For though by this time you ought to be teachers, you need someone to teach you again the basic principles of the oracles of God. You need milk, not solid food, for everyone who lives on milk is unskilled in the word of righteousness, since he is a child. But solid food is for the mature, for those who have their powers of discernment trained by constant practice to distinguish good from evil. 

(Hebrews 5:12-14)

We need to disciple with wisdom to what people can handle, but there needs to be an increase of difficulty over time.

Observation #4 – Getting Stuck

The fourth element, and one that I believe is very important and is the one that really inspired me to think of discipleship in these terms is getting stuck. When we are walking with others in the faith, I think we come with this expectation that they aren’t ever going to get stuck, that they aren’t going to fail. That is an unfair expectation and one that I hope nobody has because even the mature get stuck at times. It’s at this point that we as disciple makers are tempted to bail on those whom God has given us to disciple. I got stuck my fair share on the mountain, but there was another brother there who saw that I was stuck and came to help get me out.

We who are strong have an obligation to bear with the failings of the weak, and not to please ourselvesMay the God of endurance and encouragement grant you to live in such harmony with one another, in accord with Christ Jesus, that together you may with one voice glorify the God and Father of our Lord Jesus Christ.

(Romans 15:1, 5-6)

This stage of discipleship requires a higher level what we may call "buy in" from us as disciple makers. Buy in means that you are invested in what God is doing in the life of another person and when it gets difficult, you aren’t going to walk away, but help dig your fellow brother or sister out.

There are different ways that we get stuck. Whether it’s in personal life circumstances and wondering about God’s sovereignty, maybe its something that God has said that you don’t understand, maybe its just a lack of spiritual fervor. Have you observed a brother or sister in that situation? How may God use you help dig them out?

Observation #5 – Building Stamina

The fifth observation in snowmobiling discipleship (maybe that’s a better name?) is that getting stuck and helping others get unstuck builds spiritual stamina. Yes, it’s tiring, but both of you as disciples are having your spiritual muscles built up by that experience. I don’t recommend that you go out with the intention of getting stuck, but be encouraged that when you as a disciple and disciple-maker get stuck, that that takes place for your good.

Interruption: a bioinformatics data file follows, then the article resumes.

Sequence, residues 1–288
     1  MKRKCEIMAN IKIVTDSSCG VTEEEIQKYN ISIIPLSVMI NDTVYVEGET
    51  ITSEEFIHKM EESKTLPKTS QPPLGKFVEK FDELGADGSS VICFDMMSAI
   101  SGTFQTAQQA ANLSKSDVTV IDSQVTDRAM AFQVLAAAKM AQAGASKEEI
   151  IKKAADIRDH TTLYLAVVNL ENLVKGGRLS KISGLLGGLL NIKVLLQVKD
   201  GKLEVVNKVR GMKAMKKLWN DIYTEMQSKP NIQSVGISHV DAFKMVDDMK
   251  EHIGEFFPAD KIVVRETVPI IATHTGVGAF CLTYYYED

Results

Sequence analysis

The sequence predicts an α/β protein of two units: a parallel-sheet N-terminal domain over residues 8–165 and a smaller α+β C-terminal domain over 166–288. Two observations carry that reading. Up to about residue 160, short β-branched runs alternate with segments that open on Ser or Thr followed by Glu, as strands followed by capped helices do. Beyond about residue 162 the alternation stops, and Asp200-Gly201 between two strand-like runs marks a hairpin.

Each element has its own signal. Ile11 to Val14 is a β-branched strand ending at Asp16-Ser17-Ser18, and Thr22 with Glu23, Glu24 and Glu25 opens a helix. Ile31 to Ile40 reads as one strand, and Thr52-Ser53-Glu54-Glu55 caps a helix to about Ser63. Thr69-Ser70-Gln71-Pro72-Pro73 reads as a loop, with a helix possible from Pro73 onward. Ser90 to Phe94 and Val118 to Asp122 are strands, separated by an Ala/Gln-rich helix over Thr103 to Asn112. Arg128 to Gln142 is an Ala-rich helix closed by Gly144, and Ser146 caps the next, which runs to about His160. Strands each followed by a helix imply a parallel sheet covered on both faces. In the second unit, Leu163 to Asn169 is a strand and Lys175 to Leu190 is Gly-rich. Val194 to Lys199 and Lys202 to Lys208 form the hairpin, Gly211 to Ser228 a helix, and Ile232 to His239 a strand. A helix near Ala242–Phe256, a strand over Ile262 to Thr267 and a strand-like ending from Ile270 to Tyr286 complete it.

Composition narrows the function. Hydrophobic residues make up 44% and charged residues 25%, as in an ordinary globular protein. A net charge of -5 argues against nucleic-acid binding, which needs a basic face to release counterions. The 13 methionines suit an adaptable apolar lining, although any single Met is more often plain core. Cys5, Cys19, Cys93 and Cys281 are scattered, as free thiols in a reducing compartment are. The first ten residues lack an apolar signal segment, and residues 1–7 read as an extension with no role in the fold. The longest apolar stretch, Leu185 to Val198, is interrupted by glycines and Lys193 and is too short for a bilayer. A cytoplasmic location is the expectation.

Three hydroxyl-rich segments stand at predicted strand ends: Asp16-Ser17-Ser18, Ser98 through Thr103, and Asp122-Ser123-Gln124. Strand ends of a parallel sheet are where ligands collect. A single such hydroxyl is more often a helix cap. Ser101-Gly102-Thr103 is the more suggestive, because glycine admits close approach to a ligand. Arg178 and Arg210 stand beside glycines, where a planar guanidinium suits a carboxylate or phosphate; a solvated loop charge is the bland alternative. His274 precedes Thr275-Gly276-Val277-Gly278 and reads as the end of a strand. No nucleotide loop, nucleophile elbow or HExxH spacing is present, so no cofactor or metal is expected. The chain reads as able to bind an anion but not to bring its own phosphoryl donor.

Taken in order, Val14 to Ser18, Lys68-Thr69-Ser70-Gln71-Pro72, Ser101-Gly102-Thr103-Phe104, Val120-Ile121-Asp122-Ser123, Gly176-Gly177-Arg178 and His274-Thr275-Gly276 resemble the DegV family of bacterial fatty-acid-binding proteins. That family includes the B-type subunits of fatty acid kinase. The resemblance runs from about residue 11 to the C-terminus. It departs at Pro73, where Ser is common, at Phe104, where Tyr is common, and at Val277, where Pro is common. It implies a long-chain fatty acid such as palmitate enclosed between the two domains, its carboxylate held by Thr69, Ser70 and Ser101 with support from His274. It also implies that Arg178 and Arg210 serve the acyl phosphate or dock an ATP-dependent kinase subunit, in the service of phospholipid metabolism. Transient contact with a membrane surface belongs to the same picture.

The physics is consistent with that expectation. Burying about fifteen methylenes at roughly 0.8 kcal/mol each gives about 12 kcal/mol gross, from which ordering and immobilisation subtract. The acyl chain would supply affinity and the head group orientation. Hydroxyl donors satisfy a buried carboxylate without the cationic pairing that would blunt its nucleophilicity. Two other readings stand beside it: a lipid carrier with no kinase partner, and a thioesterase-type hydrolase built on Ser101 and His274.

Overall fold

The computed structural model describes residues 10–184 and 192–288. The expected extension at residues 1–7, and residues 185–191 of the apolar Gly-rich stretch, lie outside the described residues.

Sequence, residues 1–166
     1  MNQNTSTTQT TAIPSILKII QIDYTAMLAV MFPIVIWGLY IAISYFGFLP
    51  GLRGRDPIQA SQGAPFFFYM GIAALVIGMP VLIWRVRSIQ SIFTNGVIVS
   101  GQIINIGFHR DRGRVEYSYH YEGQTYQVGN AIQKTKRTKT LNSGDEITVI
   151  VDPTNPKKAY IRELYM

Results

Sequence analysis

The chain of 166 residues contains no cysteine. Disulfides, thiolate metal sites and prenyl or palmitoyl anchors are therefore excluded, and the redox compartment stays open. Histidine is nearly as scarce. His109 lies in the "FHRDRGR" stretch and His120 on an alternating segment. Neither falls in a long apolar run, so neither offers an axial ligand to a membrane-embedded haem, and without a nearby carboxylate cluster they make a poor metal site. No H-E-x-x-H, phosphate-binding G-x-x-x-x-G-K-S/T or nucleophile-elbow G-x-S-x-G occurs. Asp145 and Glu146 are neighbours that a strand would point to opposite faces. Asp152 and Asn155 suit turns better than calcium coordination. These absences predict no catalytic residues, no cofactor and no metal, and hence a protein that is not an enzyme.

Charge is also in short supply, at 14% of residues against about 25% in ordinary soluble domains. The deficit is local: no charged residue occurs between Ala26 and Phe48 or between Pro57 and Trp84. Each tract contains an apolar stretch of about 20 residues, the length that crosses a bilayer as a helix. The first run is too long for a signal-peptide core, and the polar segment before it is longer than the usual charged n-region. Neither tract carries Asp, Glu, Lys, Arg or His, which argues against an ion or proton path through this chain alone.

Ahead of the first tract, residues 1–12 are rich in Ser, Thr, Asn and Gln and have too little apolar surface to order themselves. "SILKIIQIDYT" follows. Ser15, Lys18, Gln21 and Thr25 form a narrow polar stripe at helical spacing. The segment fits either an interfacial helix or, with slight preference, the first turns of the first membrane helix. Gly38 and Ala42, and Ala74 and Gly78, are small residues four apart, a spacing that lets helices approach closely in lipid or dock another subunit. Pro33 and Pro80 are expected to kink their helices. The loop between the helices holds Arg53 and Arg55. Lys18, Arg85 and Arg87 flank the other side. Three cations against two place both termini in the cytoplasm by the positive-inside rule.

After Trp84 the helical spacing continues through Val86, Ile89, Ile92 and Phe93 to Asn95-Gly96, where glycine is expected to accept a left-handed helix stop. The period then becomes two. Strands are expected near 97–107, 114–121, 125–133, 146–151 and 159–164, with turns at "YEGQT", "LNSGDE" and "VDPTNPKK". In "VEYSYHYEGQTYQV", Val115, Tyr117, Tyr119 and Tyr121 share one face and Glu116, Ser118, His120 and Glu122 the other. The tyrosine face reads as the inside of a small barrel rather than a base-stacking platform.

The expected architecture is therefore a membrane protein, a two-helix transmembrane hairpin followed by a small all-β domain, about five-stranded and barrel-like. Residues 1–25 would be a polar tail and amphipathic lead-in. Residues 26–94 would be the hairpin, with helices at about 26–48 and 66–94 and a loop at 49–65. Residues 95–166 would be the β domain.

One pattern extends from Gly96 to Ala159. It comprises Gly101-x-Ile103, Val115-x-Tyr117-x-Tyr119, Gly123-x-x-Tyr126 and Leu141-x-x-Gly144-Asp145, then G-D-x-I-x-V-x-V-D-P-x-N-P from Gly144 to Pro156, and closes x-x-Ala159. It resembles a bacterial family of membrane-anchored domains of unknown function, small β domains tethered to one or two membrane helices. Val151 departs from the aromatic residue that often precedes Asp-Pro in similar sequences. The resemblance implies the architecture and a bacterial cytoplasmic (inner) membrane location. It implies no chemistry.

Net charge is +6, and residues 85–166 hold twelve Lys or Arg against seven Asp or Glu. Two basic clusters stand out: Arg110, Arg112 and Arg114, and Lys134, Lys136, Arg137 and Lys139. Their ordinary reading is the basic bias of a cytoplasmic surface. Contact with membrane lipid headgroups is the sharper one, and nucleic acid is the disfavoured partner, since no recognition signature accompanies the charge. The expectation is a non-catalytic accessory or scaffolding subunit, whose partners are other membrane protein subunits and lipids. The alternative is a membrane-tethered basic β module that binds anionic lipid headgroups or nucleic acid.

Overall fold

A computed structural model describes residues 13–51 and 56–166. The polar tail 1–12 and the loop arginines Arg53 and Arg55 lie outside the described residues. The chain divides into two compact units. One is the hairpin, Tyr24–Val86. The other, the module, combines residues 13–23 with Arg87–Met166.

Not only that, but we rejoice in our sufferings, knowing that suffering  produces endurance, and endurance produces character, and character produces hope, and  hope does not put us to shame, because God’s love  has been poured into our hearts through the Holy Spirit who has been given to us.

(Romans 5:3-5)

This is another reason why increased difficulty is important because we need people in our fellowship who have greater strength and stamina to help others get unstuck, who don’t break as much of a sweat as we might.

Observation #6 – Reflection & Encouragement

Lastly, there is reflection and encouragement as we walk in obedience to Christ making disciples. What did Jesus promise as we go make disciples? Behold, I am with you always, even to the end of the age. Walking as disciples and disciple makers, we are aware of Christs presence and power because we acknowledge that any spiritual growth that we may receive or sow into another person is the result of the work of the Holy Spirit. This is where I want to land with all this because we, as disciple makers must recon with Jesus’ words in John 15:4-5: 

Abide in me, and I in you. As the branch cannot bear fruit by itself, unless it abides in the vine, neither can you, unless you abide in me. I am the vine; you are the branches. Whoever abides in me and I in him, he it is that bears much fruit, for apart from me you can do nothing.

This is why I gave that disclaimer at the beginning that this isn’t six steps to so and so… because that kind of teaching so often doesn’t make room for the role of the Holy Spirit. We need to be wary of putting all of our hope in a system rather than in Jesus who calls his disciples. Again, Jesus said in John 6:44:

No one can come to me unless the Father who sent me draws him. And I will raise him up on the last day.



My prayer for us in this is that we would consider how these principles of Invitation, Background, Difficulty, Getting Stuck, Stamina, and Encouragement may aide our understanding as we walk in the Spirit desiring to make disciples of our kids, grandkids, parents, friends, family, and neighbors. Understanding that yes, they are going to get stuck, and that’s why they need you. That’s why Jesus commanded us to go make disciples.

If you are reading this and honestly don’t have a desire to make disciples, I want to challenge you with something that challenged me, because as an energetic new believer, I attempted unsuccessfully to make disciples and struggled with being ‘gun-shy’ afterwards. The thing that challenged me, was coming into a greater understanding of the Gospel. The grace, mercy, peace that passes all understanding, joy, fellowship, hope, love, freedom, and fruit of being in Christ. I think the more you mature in your understanding of your relationship with God by faith, you’ll understand the need for discipleship, and desire to do it.

The snowmobilers I saw at the lodge didn’t begrudge being there. Were they tired? Sure. Were their muscles sore? Sure. But they loved it and invited others to come and be part of it because of the joy that they received from it. As followers of Christ, are we tired? Sure. Are we spiritually sore? Sure. But are we taking the time to partake of the joys of walking with Christ in freedom? If we aren’t, no wonder we aren’t inviting others to be part of it; but if we are partaking of the joys of spiritual freedom and hope, we do invite others, not just because it’s what a good Christian should do, but because we actually believe it.